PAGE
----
Procurement can often be an undervalued or unrecognized component of a business, especially when there is limited visibility into how their activities impact the bottom line. With more focus being directed towards procurement within the recent years, both internal and external stakeholders are beginning to see the benefit these teams bring beyond cost savings  Last week John Sepcie explored how improving how procurement interacts with other areas of the organization can be critical to the success of the business. Examining the nuances of how procurement interacts with stakeholders can also heavily impact how this group is perceived by all other parties.

When we think about perception of procurement, there are several things to consider:

  • Does procurement have a seat at the table?  Does procurement have any strategic pull in executive decisions made for the business or are they simply seen only as a tactical group?
  • Are job responsibilities proactive or reactive? Does procurement help build strategic purchasing plans, assess supplier performance, formulate market assessments, or simply function as short-term buyers when someone else identifies a need
  • Does procurement have cross-functional engagement?  Where does procurement stand in the company hierarchy and how do they engage with other areas of the business? How often do they work with other areas of the organization to help make their value known to stakeholders outside of the procurement team? 

Communication, Support, and Understanding 

Its important to start asking yourself the questions above to truly understand the image procurement portrays to the entire organization. If that image is murky, other stakeholders may not even know when to collaborate with procurement The good news is that there are always ways to improve upon that perception. Most of the work will be around improving the relationships procurement has with stakeholders, employees, and suppliers, and making the value they bring to these respective groups more transparent.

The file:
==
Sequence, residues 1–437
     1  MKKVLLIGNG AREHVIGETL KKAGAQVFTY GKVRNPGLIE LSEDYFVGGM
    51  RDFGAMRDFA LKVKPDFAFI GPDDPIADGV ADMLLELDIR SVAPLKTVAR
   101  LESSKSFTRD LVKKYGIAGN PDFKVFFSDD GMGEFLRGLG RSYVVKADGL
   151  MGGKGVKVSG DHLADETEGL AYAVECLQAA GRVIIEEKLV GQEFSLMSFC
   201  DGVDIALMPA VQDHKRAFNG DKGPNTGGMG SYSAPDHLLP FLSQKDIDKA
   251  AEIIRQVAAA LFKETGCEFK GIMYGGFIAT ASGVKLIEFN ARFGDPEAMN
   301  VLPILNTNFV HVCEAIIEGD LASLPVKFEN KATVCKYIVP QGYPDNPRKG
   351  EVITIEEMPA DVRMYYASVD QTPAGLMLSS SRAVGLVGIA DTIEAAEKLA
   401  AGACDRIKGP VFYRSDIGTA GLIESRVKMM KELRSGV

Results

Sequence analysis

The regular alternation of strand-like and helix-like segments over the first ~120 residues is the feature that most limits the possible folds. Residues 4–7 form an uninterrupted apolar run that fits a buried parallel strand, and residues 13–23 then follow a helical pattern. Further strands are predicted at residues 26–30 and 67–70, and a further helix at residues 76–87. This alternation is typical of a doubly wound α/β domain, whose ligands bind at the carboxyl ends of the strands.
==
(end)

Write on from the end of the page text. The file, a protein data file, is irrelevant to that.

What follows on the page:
• Build cross-departmental relationships – Building relationships with other departments within the organization is critical for procurement to be seen a strategic asset to the company.
  • Understand stakeholder goals – Does procurement understand the goals of organization and are they able to respond appropriately to have those needs met? A big part about showing procurement’s value is displaying that procurement understands the goals of the different departments and how the goals of different departments may intersect.
  • Know what your organization is buying – When procurement understands not only what departments are buying, but how these goods and services tie back to overarching company objectives, it opens the opportunity for procurement to become an advisor on more strategic organizational initiatives.
  • Improve Self Perceptions- With so much emphasis on how procurement is viewed externally, it’s also important to consider how they perceive themselves within the organization. If procurement feels as if they are contributing nothing other than being a tactical purchasing group, that can strain relationships they may be trying to build.


Altering the Image of Procurement

If you would like to learn more, Corcentric’s Jennifer Ulrich will be speaking at the ISM World Annual Conference about the ways businesses can maximize the value of procurement departments. Her talk will include ways in which you can alter the perception of the procurement team through specific case studies and personal challenges and successes she has experienced while working with clients in the industry.

Need help improving how your procurement team is perceived in your organization? Register today to attend.


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Daylen Chambliss

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